Spring cyberattack thwarts profitability at LivingSocial

Correction: An earlier version of this story inaccurately reported LivingSocial’s second quarter loss. The story has been corrected.

D.C.-based LivingSocial said Thursday that a massive cyber­attack in April that compromised the passwords of more than 50 million customers caused a significant revenue drop in the second quarter and derailed its efforts to reach profitability.

Hackers accessed the names, e-mail addresses, birth dates — and even encrypted passwords — of LivingSocial’s customers in the attacks. Afterward, many customers did not reset their passwords and have not returned to the site, said LivingSocial Chief Financial Officer John Bax. The company had been profitable by some measurements for several months this year, but that stopped around the time of the attack, he said.

“We took a hit in April and we took a hit in May, no question about that,” Bax said. “We forced any recurring customers to reset their passwords. We are seeing customers return. It takes time. There were some customers who didn’t reset their passwords and haven’t returned. ”

That contributed to Living­Social’s falling short of a critical goal set by chief executive Tim O’Shaughnessy to be profitable by this spring, Bax acknowledged. The company continued to lose money during the quarter — though at a slower rate than before, he said.

LivingSocial cut its losses from $44 million in the first quarter to $34 million in the second, Bax said. Despite the losses, Bax said he liked how the company is doing.

If there is good news in the losses, it is that the company is burning cash at a slower rate than it had in the past — about $20 million so far this year. That may provide breathing room as the daily-deals giant seeks profitability.

This latest news has left the once high-flying LivingSocial at a critical juncture. The company has lost several top employees, including co-founder and chief technology officer Aaron Batalion, who left in April — one year after another LivingSocial co-founder, President Eddie Frederick, resigned from the board.

Its deals business, which makes up the majority of the company’s revenue, has come under increased pressure as the daily-deals craze has lost popularity with consumers and merchants.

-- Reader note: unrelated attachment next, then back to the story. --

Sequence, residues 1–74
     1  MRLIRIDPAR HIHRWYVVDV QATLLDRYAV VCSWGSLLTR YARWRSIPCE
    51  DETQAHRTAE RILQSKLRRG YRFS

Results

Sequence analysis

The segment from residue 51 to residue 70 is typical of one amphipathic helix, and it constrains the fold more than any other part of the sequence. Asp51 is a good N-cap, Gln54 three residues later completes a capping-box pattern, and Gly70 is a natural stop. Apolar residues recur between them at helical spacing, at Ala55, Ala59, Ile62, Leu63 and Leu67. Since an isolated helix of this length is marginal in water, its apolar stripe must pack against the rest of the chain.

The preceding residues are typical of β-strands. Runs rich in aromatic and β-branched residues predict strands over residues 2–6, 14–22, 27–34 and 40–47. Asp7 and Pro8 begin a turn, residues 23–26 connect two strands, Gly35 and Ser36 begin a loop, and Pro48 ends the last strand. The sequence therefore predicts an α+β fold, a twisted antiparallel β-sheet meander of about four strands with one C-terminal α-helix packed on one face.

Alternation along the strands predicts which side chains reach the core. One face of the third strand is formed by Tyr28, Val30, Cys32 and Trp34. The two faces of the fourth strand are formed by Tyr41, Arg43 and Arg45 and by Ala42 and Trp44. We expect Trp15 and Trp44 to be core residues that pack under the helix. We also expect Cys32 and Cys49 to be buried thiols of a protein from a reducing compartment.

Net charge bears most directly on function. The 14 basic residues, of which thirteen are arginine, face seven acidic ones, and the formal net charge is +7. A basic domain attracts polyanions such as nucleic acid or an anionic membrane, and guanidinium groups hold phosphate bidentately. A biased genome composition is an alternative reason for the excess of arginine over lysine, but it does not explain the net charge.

The company’s attempts to move into new business areas have largely fizzled. It began offering marketing services to retailers, hiring Dickson Chu, a managing director from Citi, to run the new division. But Chu was fired after less than a year.

LivingSocial also shuttered Room Service, a white-glove food-delivery service for higher-end establishments. The latest to fizzle out is the company’s local adventures business, which took customers on rafting trips or camping excursions organized by Living­Social’s staff members. The division was closed last week, resulting in the layoffs of 30 full-time employees.

“Any sense that LivingSocial or Groupon or other daily-deal companies would have the Midas touch and easily extend their success in daily deals to other segments probably has dissipated by now,” said Peter Krasilovsky, an analyst at BIA/Kelsey.

Some of the company’s investors have deep pockets, including Steve Case, JPMorgan Chase, T. Rowe Price and Amazon. It has raised more than $900 million since it was founded in 2007, including $110 million this year.

The company, which employs 4,000 worldwide, including 2,000 in the United States, is still trying to lower costs.

LivingSocial recently closed sales offices in New York, where the real estate is expensive and where employees personally visit merchants to solicit deals. Instead, employees there and in Seattle work from home.

LivingSocial has already pulled out of some international markets where its daily-deals outposts were flatlining. The company laid off 400 employees, including 160 in Washington, late last year because of a decline in the daily-deals business.

LivingSocial will probably emerge as a small firm, industry analysts and sources close to the company say. Although there still are opportunities for a sustainable business, the potential for a large-scale, multibillion-dollar business has receded, they said.

“It looks like they’re retrenching in a lot of areas, and they can’t be as big as they once anticipated being, which is a major player in local and national commerce,” said Krasilovsky of BIA/Kelsey.

(O’Shaughnessy is the son-in-law of Donald E. Graham, the chairman and chief executive of The Washington Post Co.)

Steven Overly covers the business of technology, biotechnology and venture capital in the Washington region for The Washington Post and its weekly Capital Business publication. In that capacity, he has written about start-up struggles, investment trends and major drug discoveries.
Thomas Heath is a local business reporter and columnist, writing about entrepreneurs and various companies big and small in the Washington Metropolitan area. Previously, he wrote about the business of sports for The Post’s sports section for most of a decade.
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